Edgartown will be getting two new liquor stores, as the selectmen Monday approved seasonal all-alcohol licenses for package stores on Main street and in Nevin Square. The 65 Main street store, Edgartown Spirits, will be operated by manager Barbara Courtney. Son Ted Courtney, who spoke on his mother’s behalf because she could not attend the meeting, said his mother planned to open a store with a “bright, welcoming atmosphere” that offers artisanal liquor and microbrews, as well as supplies for outdoor entertaining, including picnic baskets and kitchen utensils.
“I think that will be a big plus to have something like that down here,” selectman Margaret Serpa said.
Sarah Elizabeth Webber will be the manager of the Nevin Square store at 29 Winter street, which will offer boutique wine and craft beer. Ms. Webber’s attorney said her client had experience in the industry, and had letters of support from Nevin Square neighbors.
During the discussion, Gary Look of Al’s Package Store questioned how many alcohol licenses the town could grant, and asked if the town is already well served by existing liquor stores, noting that the new stores make it more difficult for year-round businesses.
Town administrator Pamela Dolby said there is no limit to the number of seasonal licenses.
“We have this great influx of people that come in the summertime,” selectman Arthur Smadbeck said. “We have adequate service, I think, to serve the year-round community at this point, but with this added number of people that come — and it’s quite a large number — it swells the population of Edgartown manyfold.” He said he saw the additional stores as creating a more diverse shopping experience for customers, not as taking away business from the year-round stores.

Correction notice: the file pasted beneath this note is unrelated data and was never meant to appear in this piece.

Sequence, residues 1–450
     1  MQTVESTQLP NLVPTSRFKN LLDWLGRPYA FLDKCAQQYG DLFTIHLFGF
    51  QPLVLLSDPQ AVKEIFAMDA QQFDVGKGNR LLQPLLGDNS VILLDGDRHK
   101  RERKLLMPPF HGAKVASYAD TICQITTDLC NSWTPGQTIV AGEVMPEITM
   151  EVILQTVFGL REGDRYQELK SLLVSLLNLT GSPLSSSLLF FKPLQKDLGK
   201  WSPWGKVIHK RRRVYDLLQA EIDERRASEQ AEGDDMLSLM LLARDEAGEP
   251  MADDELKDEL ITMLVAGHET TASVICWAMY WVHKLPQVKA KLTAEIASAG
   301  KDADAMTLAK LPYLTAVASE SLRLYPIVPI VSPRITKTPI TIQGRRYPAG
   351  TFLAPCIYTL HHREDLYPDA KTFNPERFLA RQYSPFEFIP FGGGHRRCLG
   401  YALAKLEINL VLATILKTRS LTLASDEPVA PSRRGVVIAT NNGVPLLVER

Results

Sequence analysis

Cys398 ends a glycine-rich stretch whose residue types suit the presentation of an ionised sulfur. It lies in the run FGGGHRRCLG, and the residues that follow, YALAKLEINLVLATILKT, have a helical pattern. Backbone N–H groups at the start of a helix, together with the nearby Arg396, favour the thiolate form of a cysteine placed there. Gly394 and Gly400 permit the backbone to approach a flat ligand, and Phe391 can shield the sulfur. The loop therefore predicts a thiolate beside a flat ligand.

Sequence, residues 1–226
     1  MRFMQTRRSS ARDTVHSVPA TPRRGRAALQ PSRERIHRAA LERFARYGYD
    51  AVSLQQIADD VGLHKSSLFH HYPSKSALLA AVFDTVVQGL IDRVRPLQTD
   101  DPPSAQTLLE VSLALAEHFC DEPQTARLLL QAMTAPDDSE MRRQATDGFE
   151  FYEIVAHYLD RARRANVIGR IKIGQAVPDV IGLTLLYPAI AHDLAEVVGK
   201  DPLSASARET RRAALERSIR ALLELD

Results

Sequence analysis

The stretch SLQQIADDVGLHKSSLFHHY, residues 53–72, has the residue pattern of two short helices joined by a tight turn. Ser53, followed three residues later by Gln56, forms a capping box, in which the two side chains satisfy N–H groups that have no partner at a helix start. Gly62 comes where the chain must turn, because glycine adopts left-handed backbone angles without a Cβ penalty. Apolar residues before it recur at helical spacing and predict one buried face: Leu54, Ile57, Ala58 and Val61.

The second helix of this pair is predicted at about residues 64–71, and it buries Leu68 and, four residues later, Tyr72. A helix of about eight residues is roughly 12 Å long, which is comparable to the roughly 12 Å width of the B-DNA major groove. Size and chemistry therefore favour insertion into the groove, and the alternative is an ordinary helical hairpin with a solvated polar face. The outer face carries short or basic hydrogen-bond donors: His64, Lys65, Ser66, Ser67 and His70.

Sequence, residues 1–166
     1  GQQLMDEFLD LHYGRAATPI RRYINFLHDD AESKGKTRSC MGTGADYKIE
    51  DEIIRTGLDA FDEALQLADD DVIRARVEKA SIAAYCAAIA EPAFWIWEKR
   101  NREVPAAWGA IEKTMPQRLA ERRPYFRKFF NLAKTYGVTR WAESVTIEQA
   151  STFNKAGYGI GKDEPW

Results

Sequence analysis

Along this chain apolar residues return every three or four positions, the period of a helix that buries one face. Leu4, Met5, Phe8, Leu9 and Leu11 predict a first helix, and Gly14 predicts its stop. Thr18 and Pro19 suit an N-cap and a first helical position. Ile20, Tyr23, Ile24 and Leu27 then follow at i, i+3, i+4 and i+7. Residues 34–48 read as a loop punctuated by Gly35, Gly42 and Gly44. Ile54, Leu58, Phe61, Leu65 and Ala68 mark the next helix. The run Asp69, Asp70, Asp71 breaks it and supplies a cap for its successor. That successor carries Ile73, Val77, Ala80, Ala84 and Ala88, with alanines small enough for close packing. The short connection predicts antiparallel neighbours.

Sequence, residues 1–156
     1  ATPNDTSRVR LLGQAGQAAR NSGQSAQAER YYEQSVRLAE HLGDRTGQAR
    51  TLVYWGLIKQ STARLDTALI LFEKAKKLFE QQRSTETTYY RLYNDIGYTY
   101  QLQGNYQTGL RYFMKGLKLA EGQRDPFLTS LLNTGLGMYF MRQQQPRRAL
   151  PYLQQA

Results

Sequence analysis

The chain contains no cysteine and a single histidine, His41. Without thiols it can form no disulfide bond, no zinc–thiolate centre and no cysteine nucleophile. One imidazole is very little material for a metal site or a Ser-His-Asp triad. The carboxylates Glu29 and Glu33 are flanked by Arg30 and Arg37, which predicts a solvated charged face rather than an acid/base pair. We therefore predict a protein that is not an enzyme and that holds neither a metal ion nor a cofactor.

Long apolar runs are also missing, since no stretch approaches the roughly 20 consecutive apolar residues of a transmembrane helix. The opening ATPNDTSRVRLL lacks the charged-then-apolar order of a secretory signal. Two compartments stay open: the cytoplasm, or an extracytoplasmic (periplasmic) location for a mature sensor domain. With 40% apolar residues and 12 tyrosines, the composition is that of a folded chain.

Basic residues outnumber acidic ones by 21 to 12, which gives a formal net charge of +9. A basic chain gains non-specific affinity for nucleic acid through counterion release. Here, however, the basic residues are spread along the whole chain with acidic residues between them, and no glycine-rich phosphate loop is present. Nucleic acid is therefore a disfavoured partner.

Both licenses were approved unanimously.
In other business, the selectmen approved Edgartown police officer James Craig’s proposal to hold Tactical Response Team training at the Warren House, a town-owned abandoned house on North Water street.
Mr. Craig said the team frequently trains in the same venues, like a hotel and the fire station, and thus always knows what to expect. Training at the Warren House, he said, would offer the team a new environment that more closely resembles real-life situations.
“It occurred to me the building is there and unoccupied,” said Mr Craig, and it would “provide very valuable training to our guys who have not seen that building before.”
Selectmen also voted to renew the contract for the Edgartown-Falmouth Ferry, which uses Memorial Wharf to load and unload passengers. The three-year contract is worth $12,000 each year. The selectmen approved the following appointments: Martin (Skip) Tomassian as an alternate to the historic district commission, Elizabeth Villard to the cemetery commission, Renee Clermont to the beautification advisory committee and Glenn Carpenter to the council on aging. There was also good news from the waterfront. “We have just begun to put a dent in the scallops in Cape Pogue,” shellfish constable Paul Bagnall said. Selectmen approved an increase to the shellfish limit: five 10 gallon washbaskets (including shells) will be permitted, an increase from three washbaskets. “It really is an amazing thing when you have good news for bay scallops in February,” Mr. Bagnall said.